What is the History of the Self-Service Car Wash?
Perhaps ironically, the self-service car wash is a later creation than the fully automatic variant. Acting as a sort of intermediate form between automatic and manual, the self-service car wash uses less advanced and voluminous equipment, reducing the business’ up-front and maintenance costs. It is also the customer that engages in the manual elements of the process, thus eliminating the need for non-maintenance staff.
Self-service car washes have had no reason to go away since, although they do not offer as high tech a solution as fully automatic car washes, the convenience that they offer to the business owners is significant, and this also gets passed onto the customer. Because the expenses for the businesses are much lower, self-service car washes tend to have lower prices, making them a huge draw.
What is the History of the Automatic Car Wash?
Automatic car washes are perhaps the ones that are most ingrained in public perception. If the first thing that comes to your mind when you think of a car wash is a car on a conveyor belt going through a tunnel with giant, unmanned brushes coming in from all sides, then you understand why this is the case.
First Steps at Automation
The first attempt at automating the car wash process happened in the 1940s in Hollywood, California. This design used a tunnel like many of its predecessors, but the cars were placed on conveyor belts that saved workers from having to push the car from station to station.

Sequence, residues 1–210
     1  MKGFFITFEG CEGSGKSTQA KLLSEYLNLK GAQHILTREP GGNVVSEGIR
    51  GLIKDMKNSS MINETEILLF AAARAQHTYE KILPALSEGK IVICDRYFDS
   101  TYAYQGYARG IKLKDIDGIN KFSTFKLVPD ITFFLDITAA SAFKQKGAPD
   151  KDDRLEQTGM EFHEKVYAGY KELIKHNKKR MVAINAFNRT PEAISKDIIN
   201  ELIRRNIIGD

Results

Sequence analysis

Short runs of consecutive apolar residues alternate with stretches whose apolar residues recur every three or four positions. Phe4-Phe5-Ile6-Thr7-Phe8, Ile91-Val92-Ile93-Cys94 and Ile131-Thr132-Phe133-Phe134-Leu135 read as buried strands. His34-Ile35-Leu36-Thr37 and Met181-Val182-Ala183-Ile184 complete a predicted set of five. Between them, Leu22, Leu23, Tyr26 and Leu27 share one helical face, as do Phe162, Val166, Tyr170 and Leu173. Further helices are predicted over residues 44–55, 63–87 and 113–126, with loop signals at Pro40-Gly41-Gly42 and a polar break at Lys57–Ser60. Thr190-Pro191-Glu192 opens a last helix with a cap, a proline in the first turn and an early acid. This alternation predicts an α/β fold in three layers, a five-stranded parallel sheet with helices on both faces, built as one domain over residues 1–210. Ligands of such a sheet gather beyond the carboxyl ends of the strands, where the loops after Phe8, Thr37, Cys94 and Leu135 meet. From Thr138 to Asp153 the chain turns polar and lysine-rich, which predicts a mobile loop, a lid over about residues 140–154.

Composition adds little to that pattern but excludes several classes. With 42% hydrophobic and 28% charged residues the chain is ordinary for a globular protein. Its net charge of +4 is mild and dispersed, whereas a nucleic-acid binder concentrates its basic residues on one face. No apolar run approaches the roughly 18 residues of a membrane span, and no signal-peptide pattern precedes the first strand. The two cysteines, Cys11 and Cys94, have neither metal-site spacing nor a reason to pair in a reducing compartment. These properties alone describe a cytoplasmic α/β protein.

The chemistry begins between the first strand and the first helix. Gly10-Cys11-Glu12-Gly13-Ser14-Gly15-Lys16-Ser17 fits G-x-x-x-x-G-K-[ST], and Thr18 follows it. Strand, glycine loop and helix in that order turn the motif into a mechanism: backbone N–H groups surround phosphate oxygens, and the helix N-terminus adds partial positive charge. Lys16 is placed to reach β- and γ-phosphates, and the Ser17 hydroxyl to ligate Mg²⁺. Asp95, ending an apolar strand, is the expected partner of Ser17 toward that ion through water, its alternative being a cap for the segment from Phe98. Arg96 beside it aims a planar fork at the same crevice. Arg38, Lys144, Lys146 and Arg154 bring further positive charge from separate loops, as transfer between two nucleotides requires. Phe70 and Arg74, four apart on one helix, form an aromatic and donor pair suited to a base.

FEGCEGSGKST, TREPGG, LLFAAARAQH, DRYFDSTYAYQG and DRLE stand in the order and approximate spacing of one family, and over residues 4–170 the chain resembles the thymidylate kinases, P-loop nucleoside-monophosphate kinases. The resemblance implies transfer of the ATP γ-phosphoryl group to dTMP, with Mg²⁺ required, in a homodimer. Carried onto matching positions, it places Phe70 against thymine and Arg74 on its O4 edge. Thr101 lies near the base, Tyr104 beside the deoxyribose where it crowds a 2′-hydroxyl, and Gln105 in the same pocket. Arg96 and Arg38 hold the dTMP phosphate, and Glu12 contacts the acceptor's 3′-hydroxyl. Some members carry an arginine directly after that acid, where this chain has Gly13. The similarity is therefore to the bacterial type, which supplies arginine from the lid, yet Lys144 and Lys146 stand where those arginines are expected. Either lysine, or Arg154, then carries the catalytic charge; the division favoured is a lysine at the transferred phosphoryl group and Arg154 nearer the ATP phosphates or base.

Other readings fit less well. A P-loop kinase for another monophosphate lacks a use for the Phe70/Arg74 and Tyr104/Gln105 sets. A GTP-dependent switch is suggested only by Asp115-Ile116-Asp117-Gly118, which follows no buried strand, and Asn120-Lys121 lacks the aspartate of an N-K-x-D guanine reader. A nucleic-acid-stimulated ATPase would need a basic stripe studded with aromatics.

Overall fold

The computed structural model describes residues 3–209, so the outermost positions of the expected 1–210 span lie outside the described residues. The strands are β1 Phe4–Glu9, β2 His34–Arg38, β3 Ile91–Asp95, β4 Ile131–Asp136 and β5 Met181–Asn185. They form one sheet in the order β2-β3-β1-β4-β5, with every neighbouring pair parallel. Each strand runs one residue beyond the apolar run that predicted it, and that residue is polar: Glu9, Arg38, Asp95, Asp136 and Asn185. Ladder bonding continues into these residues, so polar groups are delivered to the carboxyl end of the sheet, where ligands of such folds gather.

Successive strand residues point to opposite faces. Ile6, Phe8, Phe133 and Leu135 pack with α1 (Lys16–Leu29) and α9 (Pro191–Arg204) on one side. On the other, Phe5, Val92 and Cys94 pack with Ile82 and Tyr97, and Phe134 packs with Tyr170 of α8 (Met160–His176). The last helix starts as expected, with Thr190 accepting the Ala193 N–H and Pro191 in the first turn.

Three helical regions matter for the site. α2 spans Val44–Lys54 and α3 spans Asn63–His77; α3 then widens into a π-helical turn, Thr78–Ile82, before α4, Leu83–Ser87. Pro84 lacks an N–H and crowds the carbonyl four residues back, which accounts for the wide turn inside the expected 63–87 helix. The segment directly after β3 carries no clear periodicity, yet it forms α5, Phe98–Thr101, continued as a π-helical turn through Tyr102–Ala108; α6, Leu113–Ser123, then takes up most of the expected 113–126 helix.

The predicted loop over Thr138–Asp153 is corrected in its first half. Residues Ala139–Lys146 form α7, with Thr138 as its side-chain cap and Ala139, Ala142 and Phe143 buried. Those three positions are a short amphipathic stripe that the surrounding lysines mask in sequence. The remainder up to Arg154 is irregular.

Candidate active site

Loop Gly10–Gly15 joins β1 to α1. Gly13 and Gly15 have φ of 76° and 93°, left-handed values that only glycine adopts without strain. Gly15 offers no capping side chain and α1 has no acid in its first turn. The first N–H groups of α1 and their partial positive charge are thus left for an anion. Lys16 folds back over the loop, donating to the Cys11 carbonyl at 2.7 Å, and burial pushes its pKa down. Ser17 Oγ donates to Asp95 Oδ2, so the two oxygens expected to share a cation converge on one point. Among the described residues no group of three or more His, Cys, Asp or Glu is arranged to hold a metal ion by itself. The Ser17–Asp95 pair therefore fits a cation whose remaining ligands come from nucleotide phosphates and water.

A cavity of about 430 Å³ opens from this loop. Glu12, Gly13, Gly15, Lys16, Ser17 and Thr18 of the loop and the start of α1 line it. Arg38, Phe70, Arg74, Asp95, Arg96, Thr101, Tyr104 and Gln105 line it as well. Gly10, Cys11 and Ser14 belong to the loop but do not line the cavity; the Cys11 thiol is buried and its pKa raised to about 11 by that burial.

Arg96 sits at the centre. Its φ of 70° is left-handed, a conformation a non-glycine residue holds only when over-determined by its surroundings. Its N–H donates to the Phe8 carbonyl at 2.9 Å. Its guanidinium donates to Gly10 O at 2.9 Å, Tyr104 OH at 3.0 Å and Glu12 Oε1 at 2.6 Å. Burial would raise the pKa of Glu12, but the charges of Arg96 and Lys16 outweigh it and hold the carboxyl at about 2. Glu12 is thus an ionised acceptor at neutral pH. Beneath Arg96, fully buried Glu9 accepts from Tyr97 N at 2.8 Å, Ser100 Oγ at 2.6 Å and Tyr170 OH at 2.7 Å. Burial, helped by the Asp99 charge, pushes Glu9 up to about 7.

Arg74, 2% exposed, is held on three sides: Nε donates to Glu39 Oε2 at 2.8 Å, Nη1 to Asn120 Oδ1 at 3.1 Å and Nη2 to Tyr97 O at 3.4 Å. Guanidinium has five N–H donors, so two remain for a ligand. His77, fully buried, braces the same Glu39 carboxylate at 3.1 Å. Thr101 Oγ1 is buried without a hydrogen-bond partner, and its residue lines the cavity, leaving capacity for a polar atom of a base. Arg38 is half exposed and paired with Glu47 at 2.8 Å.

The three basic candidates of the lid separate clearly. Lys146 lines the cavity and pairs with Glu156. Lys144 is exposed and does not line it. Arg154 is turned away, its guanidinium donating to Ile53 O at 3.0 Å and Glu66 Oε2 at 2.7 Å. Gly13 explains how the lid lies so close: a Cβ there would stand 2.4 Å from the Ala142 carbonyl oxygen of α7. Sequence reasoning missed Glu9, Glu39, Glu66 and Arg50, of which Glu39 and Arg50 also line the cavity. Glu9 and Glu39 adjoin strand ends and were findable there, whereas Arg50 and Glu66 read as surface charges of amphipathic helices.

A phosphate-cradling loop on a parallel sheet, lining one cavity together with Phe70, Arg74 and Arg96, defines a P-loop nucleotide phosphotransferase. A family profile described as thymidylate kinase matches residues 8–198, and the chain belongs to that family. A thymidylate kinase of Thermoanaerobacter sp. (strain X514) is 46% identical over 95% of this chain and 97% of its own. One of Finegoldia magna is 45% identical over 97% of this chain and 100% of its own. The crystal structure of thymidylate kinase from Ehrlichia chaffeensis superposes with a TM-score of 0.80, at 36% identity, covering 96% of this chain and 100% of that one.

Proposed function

The decade saw further steps toward automation. In 1946, more of the manual labor was removed from the process with the introduction of sprinklers for water distribution. In the same year and unrelated to the former, Minit-Man was founded as a company that creates specifically car wash equipment, adding another layer to the car wash industry.
Fully Automated Car Washes
The first fully automatic car wash is often considered to have been opened in 1951 by the Anderson brothers in Seattle, Washington. Their system was completely hands-free, using a bevy of tools to achieve this, some new and others from their predecessors’ attempts at automation.
The 50s and 60s saw a number of other improvements to this system, typically around improving efficiency and reducing cost. All of these advances eventually culminated in the automatic car wash systems we know of today, where you simply drive your car onto the conveyor belt and let it go through without any staff members involved in the actual cleaning process.
As we have learned, the history of the car wash is not a linear thing. It can be easy to assume that it follows a teleological process where manual car washes gave way to self-service ones which were then themselves superseded by fully automatic variants, but we know that this is not the case.
Not only do automatic car washes predate self-service ones, as counter-intuitive as that sounds, but all three of the variants continue to coexist, using their different pros and cons to service different markets.